Israel and India signed a declaration this week toward advancing the third phase of the Indo-Israel Agricultural Cooperation Project.
On the sidelines of the Vibrant Gujarat Summit in western India on Sunday, the countries declared their intentions to expand the project, which remains the largest venture of Mashav: Israel’s Agency for International Development Cooperation in the Foreign Ministry.
The signing took place in the presence of Agriculture Minister Yair Shamir and Indian Minister of State for Agriculture Mohanbhai Kalyanjibhai Kundariya, at the biennial conference held in Gandhinagar.
Operating since 2008, the Indo-Israel Agricultural Cooperation Project focuses on building agricultural centers of excellence around the subcontinent, in cooperation with the Indian Agriculture Ministry’s National Horticulture Mission, the Israeli Embassy in New Delhi, the Indian state and federal governments and the Israeli Agriculture Ministry’s CINADCO: The Center for International Agricultural Development Cooperation.
During their meeting, Shamir and Kundariya acknowledged the importance of completing the establishment of all 29 joint agricultural centers of excellence, as defined in the current – the second – stage of the project, which is set to conclude in March, according to a spokesman for the Israeli Embassy. The role of the centers is to introduce and adapt Israeli farming technologies to varying local conditions, in order to increase the productivity of the local farmers.
Of the 29 centers, planned within 10 Indian states, 15 are fully operational, the embassy spokesman told The Jerusalem Post.
“Israeli agriculture is an important platform for cooperation between Israel and its friends,” Shamir said. “If in the past, security issues were mainly spoken about, today food security is a major challenge not only to Israel and to India but to the whole world.”
Shamir and Kundariya addressed the need to expand collaboration to involve such technologies as post-harvest management, good agricultural practices, dairy production and water, the embassy said.
During his visit, Shamir visited one of the centers of excellence – a facility in the Vadrad Village, part of Gujarat’s Sabarkantha district, the embassy said.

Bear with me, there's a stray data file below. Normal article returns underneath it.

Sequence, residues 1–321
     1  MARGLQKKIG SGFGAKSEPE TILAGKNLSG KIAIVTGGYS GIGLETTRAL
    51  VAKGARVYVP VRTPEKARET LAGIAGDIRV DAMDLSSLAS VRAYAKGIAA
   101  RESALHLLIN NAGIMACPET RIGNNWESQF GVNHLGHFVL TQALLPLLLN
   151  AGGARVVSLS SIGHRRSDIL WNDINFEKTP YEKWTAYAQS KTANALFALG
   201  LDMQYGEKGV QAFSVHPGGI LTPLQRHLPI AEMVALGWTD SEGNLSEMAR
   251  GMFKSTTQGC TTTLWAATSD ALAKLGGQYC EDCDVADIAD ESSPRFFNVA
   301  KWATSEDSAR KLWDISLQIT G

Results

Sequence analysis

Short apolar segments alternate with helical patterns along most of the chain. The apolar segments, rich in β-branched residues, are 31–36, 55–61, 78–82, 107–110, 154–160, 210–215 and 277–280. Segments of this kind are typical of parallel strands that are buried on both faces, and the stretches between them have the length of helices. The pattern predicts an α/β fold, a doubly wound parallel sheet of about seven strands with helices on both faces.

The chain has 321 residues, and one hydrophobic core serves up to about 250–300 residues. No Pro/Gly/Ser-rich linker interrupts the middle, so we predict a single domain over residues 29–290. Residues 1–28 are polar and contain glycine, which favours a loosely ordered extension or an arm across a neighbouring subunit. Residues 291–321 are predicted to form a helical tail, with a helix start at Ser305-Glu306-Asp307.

He met with Indian Prime Minister Narendra Modi while in Gandhinagar, discussing the strong relations between the two countries, the embassy added.
The Indian premier recalled his visit to Israel in 2006 and his admiration for Israeli agriculture and food security.
“Already today Israel operates 15 agricultural centers of excellence throughout India and has won great esteem regarding agriculture with Prime Minister Modi,” Shamir said. “During the visit, we agreed to extend the agricultural cooperation agreement between Israel and India and expand it to other states as well as other branches of agriculture.”
A delegation of Israeli firms joined Shamir during his visit, participating in Vibrant Gujarat this week. Among other industries, the companies represented hailed from the irrigation, desalination, dairy technologies, farming and defense sectors.
Daniel Carmon, ambassador to India and formerly the head of Mashav, stressed the importance of Indian-Israeli agricultural cooperation as a tool for “development diplomacy.”
“The concept behind the centers is full cooperation,” he told the Post over the phone from New Delhi on Tuesday. “We are not assisting, we are not helping.
We are fully cooperating.”
At the centers of excellence, the Indian experts are the owners and beneficiaries, and they will continue to operate the facilities as they grow and mature, Carmon explained. The Israelis provide training, extension and demonstration. Rather than selling tools or technology, they are teaching, he said.
“We are in a blitz of inaugurations now,” Carmon said. “It’s really something to be proud of.”
While the first 28 planned or already operating centers deal mainly with horticulture, the 29th center will be focusing on dairy production – in line with the prime minister of India’s call for a “four-colored” revolution: saffron for electricity, white for milk, green for agriculture and environment and blue for water.
Israel has long been involved in the green component, and now intends to expand into the white and blue areas, Carmon explained.
Since the centers of excellence began operating, a critical component has been “bringing experts who roll up their sleeves and start working on the ground,” the ambassador said.
“They cut, adapt and paste what we do in Israel to the Indian scene,” he said.
Each center has the capacity to impact about 10,000 individual farmers, and in the upcoming third phase of the project, the parties intend to expand to additional Indian states and bring in more technologies, Carmon added. He stressed the importance of continuing to advance agricultural cooperation between the two countries, both for the sake of the farmers as well as the two governments involved.
“This is a major ingredient in the bilateral relations,” Carmon said.